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Starring: Ian Hart, Jack Davenport, Tim Piggot-Smith
Director: Simon Cellan Jones
|A stunning feature length BBC production based on the events of 9th June 1804, which saw the premier of Beethoven's Thrid Symphony (the Eroica) in a private performance for Prince Lobokowitz, some time prior to the work's public debut.|
Ingeniously, the work itself is played as live (and, may I add, quite superbly), while the camera captures the behaviours and reactions of key figures such as Beethoven (Hart), Lobokowitz (Davenport), Beethoven's love interest Therese (Lucy Akhurst), and Beethoven's tutor Josef Haydn (Frank Finlay) who remarks at the performance's climax that "everything is different from today".
The production does create a definite sense of something momentous taking place, with the reactions of the assembled nobles ranging from awe at the beauty of the music to irritation at Beethoven's "failure" to abide by symphonic conventions (in fact a genius moving beyond pointless traditions), and the Prince's servants at work in the kitchen being distracted from their work by the power of what they are hearing.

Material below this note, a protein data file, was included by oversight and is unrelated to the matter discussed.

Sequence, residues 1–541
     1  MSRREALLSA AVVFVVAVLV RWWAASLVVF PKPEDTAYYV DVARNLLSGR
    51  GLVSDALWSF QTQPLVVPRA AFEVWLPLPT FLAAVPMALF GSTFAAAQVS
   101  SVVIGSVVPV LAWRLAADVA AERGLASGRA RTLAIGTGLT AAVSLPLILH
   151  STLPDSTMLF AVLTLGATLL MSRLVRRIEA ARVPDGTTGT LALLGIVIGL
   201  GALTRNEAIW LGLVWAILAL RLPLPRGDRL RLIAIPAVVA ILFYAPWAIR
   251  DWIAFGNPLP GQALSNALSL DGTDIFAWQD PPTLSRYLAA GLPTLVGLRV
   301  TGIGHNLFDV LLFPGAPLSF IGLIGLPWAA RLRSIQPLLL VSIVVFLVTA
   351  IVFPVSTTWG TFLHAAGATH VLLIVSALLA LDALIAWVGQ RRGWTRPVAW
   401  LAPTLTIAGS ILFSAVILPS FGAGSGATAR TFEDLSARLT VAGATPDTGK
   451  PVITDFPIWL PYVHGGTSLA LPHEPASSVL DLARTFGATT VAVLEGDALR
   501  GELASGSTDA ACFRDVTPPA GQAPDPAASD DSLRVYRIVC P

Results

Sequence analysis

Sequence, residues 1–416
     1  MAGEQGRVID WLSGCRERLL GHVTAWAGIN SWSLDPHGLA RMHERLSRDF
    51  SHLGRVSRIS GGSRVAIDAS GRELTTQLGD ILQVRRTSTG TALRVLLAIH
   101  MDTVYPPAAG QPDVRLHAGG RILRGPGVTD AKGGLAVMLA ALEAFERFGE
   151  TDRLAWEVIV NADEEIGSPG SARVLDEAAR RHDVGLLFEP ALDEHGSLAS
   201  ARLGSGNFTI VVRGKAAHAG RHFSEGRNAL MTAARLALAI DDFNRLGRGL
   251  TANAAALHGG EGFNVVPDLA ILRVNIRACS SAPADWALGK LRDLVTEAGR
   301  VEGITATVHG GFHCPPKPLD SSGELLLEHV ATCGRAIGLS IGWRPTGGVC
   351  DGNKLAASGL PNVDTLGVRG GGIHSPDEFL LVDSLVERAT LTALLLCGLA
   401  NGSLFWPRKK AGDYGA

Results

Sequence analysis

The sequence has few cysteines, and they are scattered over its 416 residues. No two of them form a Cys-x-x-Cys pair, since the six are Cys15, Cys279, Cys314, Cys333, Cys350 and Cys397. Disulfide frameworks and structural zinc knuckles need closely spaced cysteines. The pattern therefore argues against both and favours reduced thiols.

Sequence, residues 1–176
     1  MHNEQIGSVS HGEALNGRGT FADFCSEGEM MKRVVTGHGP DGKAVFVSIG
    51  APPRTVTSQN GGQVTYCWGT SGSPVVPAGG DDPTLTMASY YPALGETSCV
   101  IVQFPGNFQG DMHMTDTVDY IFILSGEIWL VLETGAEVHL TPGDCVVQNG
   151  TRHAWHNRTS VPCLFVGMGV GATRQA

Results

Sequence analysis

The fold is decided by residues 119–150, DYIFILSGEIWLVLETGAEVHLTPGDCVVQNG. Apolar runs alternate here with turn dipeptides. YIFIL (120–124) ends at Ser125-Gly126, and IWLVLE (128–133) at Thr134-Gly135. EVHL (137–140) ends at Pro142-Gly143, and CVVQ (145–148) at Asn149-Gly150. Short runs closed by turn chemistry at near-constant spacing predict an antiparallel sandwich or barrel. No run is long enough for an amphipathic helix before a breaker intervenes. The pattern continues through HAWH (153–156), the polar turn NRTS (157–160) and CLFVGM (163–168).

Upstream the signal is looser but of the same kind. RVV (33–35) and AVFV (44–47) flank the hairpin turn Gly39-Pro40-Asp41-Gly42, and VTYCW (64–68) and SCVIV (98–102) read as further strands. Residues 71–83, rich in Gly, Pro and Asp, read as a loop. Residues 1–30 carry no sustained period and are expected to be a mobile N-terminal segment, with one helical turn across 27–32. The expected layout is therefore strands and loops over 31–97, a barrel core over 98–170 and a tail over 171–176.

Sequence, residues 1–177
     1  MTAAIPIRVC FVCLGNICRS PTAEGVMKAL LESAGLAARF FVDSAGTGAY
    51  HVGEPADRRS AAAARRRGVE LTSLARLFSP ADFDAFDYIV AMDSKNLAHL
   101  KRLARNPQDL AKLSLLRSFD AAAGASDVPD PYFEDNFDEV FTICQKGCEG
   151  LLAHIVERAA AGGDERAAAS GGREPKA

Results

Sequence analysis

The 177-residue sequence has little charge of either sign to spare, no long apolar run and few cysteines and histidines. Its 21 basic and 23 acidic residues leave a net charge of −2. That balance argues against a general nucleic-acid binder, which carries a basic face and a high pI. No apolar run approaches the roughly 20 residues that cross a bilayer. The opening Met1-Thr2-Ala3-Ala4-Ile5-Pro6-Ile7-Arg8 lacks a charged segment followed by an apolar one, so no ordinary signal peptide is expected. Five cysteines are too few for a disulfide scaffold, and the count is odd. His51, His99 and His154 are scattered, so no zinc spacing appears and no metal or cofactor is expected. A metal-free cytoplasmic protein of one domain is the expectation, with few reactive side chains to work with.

Though the symphony was intitially dedicated to Napoleon (until he angered Beethoven by declaring himself Emperor), this production indicates that the true hero is actually Beethoven himself, as this was the first time a composer was genuinely able to put his own soul into his work rather than working within the parameters set by tradition and aristocracy.